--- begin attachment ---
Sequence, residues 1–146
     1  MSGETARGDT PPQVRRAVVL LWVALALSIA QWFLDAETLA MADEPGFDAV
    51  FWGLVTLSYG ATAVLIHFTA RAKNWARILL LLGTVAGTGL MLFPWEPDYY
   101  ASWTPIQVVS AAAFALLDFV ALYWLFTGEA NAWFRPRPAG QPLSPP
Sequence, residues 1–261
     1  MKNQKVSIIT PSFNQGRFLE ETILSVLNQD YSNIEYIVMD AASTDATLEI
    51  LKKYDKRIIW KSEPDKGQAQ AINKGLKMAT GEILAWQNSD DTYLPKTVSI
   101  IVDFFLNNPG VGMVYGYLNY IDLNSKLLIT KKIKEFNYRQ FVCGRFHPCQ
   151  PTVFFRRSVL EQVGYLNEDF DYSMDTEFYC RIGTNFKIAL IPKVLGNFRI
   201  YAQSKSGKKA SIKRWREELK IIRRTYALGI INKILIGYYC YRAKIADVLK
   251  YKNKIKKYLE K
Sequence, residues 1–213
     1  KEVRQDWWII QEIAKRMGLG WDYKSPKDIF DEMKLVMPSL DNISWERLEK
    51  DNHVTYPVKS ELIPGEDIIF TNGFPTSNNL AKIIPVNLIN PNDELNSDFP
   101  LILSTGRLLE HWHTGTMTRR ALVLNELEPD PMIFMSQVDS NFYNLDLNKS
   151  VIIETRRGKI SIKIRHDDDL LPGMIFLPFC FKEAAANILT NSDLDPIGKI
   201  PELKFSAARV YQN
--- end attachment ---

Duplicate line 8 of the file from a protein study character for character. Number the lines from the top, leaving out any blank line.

   101  IVDFFLNNPG VGMVYGYLNY IDLNSKLLIT KKIKEFNYRQ FVCGRFHPCQ